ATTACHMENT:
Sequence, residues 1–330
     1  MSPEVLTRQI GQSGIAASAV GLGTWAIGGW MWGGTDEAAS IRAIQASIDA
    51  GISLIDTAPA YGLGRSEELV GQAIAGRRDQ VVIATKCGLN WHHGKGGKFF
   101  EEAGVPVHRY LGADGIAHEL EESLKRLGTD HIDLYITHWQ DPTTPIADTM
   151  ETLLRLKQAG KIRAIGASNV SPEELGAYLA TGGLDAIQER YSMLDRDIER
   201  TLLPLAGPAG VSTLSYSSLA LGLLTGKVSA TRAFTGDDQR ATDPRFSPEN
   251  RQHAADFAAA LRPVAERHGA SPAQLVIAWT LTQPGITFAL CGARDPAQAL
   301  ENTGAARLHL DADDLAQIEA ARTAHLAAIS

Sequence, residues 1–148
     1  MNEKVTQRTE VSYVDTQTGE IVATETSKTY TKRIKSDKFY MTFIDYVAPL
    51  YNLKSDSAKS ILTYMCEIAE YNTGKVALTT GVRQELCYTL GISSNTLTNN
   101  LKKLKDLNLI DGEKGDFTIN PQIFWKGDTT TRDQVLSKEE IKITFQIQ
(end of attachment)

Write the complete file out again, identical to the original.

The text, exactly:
Sequence, residues 1–330
     1  MSPEVLTRQI GQSGIAASAV GLGTWAIGGW MWGGTDEAAS IRAIQASIDA
    51  GISLIDTAPA YGLGRSEELV GQAIAGRRDQ VVIATKCGLN WHHGKGGKFF
   101  EEAGVPVHRY LGADGIAHEL EESLKRLGTD HIDLYITHWQ DPTTPIADTM
   151  ETLLRLKQAG KIRAIGASNV SPEELGAYLA TGGLDAIQER YSMLDRDIER
   201  TLLPLAGPAG VSTLSYSSLA LGLLTGKVSA TRAFTGDDQR ATDPRFSPEN
   251  RQHAADFAAA LRPVAERHGA SPAQLVIAWT LTQPGITFAL CGARDPAQAL
   301  ENTGAARLHL DADDLAQIEA ARTAHLAAIS

Sequence, residues 1–148
     1  MNEKVTQRTE VSYVDTQTGE IVATETSKTY TKRIKSDKFY MTFIDYVAPL
    51  YNLKSDSAKS ILTYMCEIAE YNTGKVALTT GVRQELCYTL GISSNTLTNN
   101  LKKLKDLNLI DGEKGDFTIN PQIFWKGDTT TRDQVLSKEE IKITFQIQ